Seiji Maehara, who lost his bid to become the party leader and the prime minister of Japan, has nonetheless landed on a very powerful party position as the chairman of the DPJ's policy bureau.
He went to Fukushima, and after visiting with the evacuees from Iitate-mura, he disclosed his party's plan to use the "eco-point" system for residential housing to promote timber from the disaster-affected area.
What is the "eco-point" for houses? Well, if you build or renovate your house with energy saving features and alternative energy features (eg. solar panels) the government will give you "eco-points". Then you can use the points at participating stores and buy whatever you want to buy with the points.
Maehara is saying the government may entice builders to use the lumber from the disaster-affected area with "eco-points", even if the potentially radioactive lumber has nothing to do with energy saving.
Iitate-mura's major industry is forestry. Iitate-mura's mountains and forests have been contaminated with whatever fell on them - radioactive cesium, plutonium, strontium. No one has tested them (if someone did, he's not saying anything), but the contamination should be an order of magnitude bigger than the radioactive firewood from Rikuzen Takata City in Iwate Prefecture.
If Mr. Maehara has his way, the contaminated trees are to be cut from the contaminated mountains and hauled out of the mountains, disturbing the contaminated soil and dead leaves, and made into lumber in a village with high air radiation level and sold all over Japan with "eco-points", in order for the rest of the Japanese to help the villagers.
This is "socializing the cost" to the extreme.
From Sankei Shinbun (9/17/2011):
Seiji Maehara, chairman of the policy bureau of the Democratic Party of Japan, visited Fukushima City in the morning of September 17, and visited with the residents of Iitate-mura in their temporary houses. They evacuated to Fukushima City after the Fukushima I Nuclear Plant accident. In the dialog with the residents, Maehara apologized to them about Yoshio Hachiro, who resigned the post of Minister of Economy, Trade and Industry after his inappropriate remarks concerning the nuclear accident. Maehara said, "His words trampled down your feelings. As a member of the ruling party I would like to apologize from the bottom of my heart".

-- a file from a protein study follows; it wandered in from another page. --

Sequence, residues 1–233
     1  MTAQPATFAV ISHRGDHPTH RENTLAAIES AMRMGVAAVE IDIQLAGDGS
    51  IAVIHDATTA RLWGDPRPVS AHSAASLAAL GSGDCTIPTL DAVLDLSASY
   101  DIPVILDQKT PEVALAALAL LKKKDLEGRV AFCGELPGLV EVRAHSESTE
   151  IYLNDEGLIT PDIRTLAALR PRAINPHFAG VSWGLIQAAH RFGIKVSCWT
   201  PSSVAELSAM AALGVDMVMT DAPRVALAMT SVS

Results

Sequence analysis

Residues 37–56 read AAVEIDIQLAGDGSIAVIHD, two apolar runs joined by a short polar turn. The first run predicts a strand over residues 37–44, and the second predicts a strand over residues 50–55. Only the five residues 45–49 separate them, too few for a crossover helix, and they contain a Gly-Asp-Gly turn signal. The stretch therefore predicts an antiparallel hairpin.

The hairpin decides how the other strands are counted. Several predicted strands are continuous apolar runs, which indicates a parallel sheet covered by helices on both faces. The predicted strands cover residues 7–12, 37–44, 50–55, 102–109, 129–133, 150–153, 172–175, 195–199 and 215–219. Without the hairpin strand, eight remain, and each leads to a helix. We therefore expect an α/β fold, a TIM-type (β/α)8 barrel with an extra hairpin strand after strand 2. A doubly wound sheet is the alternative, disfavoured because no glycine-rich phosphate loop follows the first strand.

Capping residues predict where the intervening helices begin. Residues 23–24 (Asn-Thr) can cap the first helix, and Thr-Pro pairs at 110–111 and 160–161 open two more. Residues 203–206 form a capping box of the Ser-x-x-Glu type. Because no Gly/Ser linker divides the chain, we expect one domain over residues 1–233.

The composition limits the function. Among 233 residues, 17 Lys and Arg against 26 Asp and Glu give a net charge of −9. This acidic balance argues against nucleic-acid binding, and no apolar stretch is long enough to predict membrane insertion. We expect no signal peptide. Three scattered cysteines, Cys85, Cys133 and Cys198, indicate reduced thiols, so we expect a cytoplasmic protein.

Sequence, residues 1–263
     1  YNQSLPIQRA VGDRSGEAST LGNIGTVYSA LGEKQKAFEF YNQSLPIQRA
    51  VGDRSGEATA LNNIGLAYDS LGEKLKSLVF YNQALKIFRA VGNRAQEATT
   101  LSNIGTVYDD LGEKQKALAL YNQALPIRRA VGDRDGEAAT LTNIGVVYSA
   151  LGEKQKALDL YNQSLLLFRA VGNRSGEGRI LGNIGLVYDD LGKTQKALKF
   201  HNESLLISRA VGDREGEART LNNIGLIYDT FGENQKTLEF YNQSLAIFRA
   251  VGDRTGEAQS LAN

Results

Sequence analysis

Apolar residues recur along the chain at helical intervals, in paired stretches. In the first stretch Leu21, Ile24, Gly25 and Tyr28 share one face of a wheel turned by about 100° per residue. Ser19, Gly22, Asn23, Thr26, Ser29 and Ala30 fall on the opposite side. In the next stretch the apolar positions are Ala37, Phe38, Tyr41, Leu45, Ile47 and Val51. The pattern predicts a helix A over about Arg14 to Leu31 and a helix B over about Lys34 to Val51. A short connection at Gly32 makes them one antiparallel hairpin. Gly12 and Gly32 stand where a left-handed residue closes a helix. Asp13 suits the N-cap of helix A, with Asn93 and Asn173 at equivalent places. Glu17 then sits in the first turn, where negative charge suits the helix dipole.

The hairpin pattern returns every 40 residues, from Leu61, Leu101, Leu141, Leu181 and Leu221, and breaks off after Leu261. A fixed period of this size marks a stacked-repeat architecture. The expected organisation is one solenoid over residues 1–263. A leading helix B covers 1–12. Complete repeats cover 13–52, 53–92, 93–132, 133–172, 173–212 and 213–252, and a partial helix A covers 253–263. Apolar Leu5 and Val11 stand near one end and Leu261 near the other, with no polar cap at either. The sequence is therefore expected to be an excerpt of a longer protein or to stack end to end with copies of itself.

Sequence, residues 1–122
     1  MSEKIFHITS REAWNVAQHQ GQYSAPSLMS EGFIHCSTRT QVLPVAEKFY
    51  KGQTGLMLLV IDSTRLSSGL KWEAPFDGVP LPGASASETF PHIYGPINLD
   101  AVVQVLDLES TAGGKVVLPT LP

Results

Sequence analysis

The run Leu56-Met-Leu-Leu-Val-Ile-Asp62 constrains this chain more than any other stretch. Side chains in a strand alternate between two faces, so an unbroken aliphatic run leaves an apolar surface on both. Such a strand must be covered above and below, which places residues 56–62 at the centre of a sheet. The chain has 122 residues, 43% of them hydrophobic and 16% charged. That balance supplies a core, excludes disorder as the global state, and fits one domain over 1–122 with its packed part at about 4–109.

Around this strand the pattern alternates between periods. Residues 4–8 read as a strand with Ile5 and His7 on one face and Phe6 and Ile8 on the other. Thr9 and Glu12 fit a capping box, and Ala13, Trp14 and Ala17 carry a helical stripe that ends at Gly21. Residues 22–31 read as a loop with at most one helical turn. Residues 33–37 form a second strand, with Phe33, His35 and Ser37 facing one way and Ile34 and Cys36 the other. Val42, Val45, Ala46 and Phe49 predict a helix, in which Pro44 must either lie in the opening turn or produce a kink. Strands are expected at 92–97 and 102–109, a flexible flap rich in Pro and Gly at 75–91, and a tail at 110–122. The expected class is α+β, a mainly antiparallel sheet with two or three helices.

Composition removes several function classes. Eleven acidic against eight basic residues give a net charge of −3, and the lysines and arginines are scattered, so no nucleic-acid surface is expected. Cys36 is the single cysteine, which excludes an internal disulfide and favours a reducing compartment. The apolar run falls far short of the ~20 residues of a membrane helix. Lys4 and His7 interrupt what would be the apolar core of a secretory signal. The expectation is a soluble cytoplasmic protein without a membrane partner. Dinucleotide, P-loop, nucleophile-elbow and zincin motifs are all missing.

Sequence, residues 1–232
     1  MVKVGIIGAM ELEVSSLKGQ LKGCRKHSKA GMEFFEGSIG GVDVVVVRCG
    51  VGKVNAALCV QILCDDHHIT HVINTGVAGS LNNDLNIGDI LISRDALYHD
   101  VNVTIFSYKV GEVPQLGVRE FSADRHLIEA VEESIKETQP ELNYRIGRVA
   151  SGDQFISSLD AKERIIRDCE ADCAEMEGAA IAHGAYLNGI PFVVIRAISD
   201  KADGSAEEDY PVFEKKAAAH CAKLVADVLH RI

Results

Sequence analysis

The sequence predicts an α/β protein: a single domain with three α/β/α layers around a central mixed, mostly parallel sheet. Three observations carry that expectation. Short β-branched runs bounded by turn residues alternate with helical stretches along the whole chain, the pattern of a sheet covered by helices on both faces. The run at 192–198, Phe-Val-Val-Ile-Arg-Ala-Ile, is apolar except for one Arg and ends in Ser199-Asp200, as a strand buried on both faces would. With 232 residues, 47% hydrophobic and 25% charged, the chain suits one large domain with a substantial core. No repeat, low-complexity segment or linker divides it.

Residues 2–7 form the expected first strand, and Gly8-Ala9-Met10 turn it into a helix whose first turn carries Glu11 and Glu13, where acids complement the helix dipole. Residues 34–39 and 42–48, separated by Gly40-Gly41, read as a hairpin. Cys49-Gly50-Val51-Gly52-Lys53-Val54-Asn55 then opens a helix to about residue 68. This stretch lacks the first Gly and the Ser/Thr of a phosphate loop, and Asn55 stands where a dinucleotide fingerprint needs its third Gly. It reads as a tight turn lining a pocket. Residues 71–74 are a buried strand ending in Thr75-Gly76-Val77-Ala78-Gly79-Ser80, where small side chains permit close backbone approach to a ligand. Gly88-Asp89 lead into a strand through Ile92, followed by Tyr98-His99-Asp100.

The purpose of his visit was to incorporate the demands from the disaster-affected area into the 3rd supplementary budget plan for the fiscal 2011, which will be the budget for the recovery in earnest from the March 11 earthquake/tsunami disaster. Maehara responded to the decontamination request from the residents, by saying "We want to appropriate a large sum for the effort".
He also disclosed that he [or his party] is discussing the possibility of utilizing "residential eco-point system" if residential houses are built with lumber from the disaster-affected area. After the dialog with the Iitate-mura residents, he met with Governor Yuhei Sato. Governor Sato pointed out the slow response by the national government, and urged the creation of the recovery fund.
Mr. Maehara will go to Miyagi Prefecture in the afternoon to have a talk with Governor Yoshihiro Murai. He is also scheduled to survey the debris clearing operation.
To the right-leaning and the US-favoring (and nuke-favoring) Sankei, Maehara is a darling, WikiLeaks or not.
"Oh it's just outside of the trees that is radioactive. In lumber, there will be no radiation, it's safe" will be the mantra. "Don't you want to help the victims of the accident?" will be another.
My answer: so what? and no. Not through buying their radioactive goods.
Iitate-mura's so-called "decontamination" of farmland and houses is expected to cost 200 billion yen, or US$2.6 billion. Part of the "decon" bubble, as Iitate-mura's "decontamination" is to be done by the national government and its researchers (as if they know anything about radiation decontamination on a massive scale), with the help of large general contractors.